Go east, young man
After very little deliberation...
I had settled on a Qatar Airways flight from Lastminute.com. I was later to find out that Qatar's slogan, as printed delicately on their serviettes, was "Taking You More Personally".
I used to work at Lastminute.com myself, and took them very personally and with great pleasure for all they were worth ~ which at the time ~ was a lot. These days, Lastminute are 'worth' less. I am no longer on their payroll, and notably, they've begun to write nice round black figures in yearly financial accounts.
It was as a similar cost-cutting measure ~ one of those that seem to be so en vogue these days ~ that I somewhat blindly chose Qatar's reasonable very reasonable £400 London to Bangkok return flight from the list, spurned on secondarily by the knowledge that:
- a) My money was not going to Microsoft (unlike some travel sites - I mean tell me what has travel got to do with flakey software and wordprocessing) - and;
- b) My stopover flight being in Doha, Qatar, I might get a chance to peer out the airport window at various bits of hither-to unexplored, exotic middle-eastern stuff... or even, dare I say it, plunge the big toe right into the murky depths by roaming around Qatar on a day-tour... and lastly that;
- c) In this age of Islamic militant vs. Anglo-American Fatcat, I fancied my chances better in a carrier based on the Arabian peninsula than one sporting the Star and Stripes on its tail like a bulls-eye.
A feeling that my mother's highly developed keenness for safety might have rubbed on me for even considering the last reason as important or valid was quashed on news that Heathrow was besieged by armed forces, tanks and helicopters in an apparent attempt to second-guess the invisible bogeyman. What good this brawn would do against a chap with a can full of ricin, I had no idea. Later, of course, it turned out that someone had tried to board a flight in Gatwick with a hand grenade. Very pleasant.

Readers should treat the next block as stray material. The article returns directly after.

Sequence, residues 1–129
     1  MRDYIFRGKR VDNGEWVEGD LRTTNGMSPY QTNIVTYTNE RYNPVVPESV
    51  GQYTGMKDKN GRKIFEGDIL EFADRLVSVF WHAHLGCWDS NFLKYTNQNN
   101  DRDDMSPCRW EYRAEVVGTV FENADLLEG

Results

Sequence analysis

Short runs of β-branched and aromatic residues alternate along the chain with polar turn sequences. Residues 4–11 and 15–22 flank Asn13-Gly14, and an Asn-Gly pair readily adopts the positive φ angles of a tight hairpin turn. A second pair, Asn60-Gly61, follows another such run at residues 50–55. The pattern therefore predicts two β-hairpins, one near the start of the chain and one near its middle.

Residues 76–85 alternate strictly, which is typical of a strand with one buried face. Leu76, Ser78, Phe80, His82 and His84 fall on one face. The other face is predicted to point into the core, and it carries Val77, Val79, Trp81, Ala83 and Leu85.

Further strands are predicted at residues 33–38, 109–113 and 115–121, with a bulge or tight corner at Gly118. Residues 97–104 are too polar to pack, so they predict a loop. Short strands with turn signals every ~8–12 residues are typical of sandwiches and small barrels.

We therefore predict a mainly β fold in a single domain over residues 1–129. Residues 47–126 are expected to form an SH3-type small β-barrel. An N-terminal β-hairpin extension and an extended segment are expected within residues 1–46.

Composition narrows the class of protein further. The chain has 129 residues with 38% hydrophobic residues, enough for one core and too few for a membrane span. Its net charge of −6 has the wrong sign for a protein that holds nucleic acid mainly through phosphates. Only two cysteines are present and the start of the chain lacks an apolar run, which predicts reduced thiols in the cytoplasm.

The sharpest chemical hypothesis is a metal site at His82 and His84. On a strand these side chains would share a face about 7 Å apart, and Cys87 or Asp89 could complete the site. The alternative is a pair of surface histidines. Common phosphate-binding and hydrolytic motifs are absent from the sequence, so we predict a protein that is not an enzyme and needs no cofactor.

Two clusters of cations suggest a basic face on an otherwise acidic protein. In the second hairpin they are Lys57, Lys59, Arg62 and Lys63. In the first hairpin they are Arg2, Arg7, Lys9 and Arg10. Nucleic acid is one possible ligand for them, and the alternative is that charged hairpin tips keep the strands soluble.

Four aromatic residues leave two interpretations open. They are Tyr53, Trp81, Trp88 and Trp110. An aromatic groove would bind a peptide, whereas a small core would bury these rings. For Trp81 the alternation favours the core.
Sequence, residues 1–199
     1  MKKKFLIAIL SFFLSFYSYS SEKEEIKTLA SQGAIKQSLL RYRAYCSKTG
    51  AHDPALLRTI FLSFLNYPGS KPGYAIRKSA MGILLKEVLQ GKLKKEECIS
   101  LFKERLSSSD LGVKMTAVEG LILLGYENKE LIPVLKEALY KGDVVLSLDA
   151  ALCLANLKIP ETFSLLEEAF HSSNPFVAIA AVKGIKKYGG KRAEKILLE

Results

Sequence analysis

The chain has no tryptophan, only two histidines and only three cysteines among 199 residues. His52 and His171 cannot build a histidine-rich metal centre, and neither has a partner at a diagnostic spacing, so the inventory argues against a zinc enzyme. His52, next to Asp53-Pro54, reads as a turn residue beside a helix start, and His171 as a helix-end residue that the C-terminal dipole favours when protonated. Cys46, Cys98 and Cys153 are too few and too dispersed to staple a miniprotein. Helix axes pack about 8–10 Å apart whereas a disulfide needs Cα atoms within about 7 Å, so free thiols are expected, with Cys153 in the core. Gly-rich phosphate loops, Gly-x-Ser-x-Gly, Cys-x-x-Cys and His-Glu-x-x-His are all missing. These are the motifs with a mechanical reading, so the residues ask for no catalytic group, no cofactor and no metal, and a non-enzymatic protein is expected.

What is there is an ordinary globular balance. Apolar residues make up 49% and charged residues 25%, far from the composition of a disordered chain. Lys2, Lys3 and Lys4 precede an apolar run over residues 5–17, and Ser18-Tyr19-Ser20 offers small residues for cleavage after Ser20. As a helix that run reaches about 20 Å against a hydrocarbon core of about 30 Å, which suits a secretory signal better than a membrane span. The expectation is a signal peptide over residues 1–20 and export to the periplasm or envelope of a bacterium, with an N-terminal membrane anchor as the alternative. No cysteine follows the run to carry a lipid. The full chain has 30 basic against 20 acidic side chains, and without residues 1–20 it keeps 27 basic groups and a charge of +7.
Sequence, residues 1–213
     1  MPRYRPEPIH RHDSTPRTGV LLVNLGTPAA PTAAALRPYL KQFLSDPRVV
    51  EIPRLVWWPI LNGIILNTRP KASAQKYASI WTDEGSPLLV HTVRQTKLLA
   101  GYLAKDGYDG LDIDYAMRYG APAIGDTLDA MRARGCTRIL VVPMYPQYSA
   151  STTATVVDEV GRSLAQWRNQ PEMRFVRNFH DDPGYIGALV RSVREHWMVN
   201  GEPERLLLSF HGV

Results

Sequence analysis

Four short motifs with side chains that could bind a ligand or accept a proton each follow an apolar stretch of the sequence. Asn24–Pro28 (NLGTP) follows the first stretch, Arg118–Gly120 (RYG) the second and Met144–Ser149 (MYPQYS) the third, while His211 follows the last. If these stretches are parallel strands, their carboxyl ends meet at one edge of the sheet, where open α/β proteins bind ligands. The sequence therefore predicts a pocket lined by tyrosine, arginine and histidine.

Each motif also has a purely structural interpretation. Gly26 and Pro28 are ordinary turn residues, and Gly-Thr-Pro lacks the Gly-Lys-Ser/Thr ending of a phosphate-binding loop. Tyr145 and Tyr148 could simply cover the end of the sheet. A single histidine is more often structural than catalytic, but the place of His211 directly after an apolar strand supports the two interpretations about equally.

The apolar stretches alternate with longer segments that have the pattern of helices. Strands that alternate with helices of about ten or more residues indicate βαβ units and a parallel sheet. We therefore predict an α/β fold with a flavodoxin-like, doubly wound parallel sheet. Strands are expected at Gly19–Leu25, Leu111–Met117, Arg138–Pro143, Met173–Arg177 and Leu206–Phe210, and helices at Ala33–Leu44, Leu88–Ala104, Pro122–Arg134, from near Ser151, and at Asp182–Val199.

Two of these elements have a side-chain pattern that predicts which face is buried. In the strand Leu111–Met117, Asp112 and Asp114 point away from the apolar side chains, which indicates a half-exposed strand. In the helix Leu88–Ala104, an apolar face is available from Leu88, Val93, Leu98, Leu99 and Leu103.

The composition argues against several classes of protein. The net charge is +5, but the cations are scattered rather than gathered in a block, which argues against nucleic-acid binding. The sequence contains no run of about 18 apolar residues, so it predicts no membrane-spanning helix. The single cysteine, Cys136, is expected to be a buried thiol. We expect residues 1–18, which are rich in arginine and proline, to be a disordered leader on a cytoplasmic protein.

Was there ever a better time to leave Mother England on a trip to somewhere nice and sunny? Even that most staunch of British strongholds, the football team, was having its hiney kicked by no less than the Socceroos.
Fortunately, the airline which wanted to "take me more personally" turned out to be a fairly good option for people who like comfortable seats. I was fairly far back in the plane and the curvature of the aircraft as the seats tapered inwards towards the tail offered me even more space than elsewhere in economy.
We plunged south-east towards Austria and the snow glistened off the alps bathed in sunshine. Our flight-path set us to cruise over Hungary, Turkey, Lebanon, Syria & Saudi Arabia towards our transit point in Doha, Qatar.
When you travel eastwards, the arrival of nightfall is accelerated and hits you much faster than you expect. In no time we were crossing the coast near Beirut, surrounded by a deep blanket of darkness except for the myriad of lights scattered along the coast, eerily hinting at the cities beneath us.
Until now, I hadn't really given too much thought to destinations, itineraries and plans. A vague idea of arriving in Bangkok and letting lady luck throw the dice appealed to me. I would just ask what continuing flights, trains etc were available and throw a coin. My only pre-planned factor was to meet up with Bernardo, Jules, K-Man, Marcus (aka Ludwig), Andy (aka Ray Handsome), and possibly Steve on the island of Koh Phangan in the Gulf of Thailand in roughly a week's time. I had been to Thailand before, and whenever in doubt, I tended to let my stomach do the thinking. If you go, I suggest you do the same unless you're a cheese-sandwich-person, as the food rocks, especially in places frequented by the thais, and will inevitably take you to good places. I had a particularly strong yearning fro a fiery catfish curry (gaeng plaa duk) I had tasted last time I was in the Pee pee islands. Besides, I told myself, last time I was in Thailand I had visited so many Wats (temples) and giant carved Buddhas to last even the most demanding guilt-gold fanatic a lifetime. Culture is best experienced with a spoon.
So the plan became quite clear: mingling with thais, eating thai, speaking thai (poorly), a bit of nightlife and a bit of diving to relieve any potential imbalances and terrestrial tedium.
The screens built into the back of each seat showed our trail, a red line scrawled across Europe and the middle-east. There was a swerve as we approached the Iraqi no-flying zone, and we traced the Iraqi border southwards. Shame it's night, but maybe I'll get to see something of Qatar and surrounds on the way back.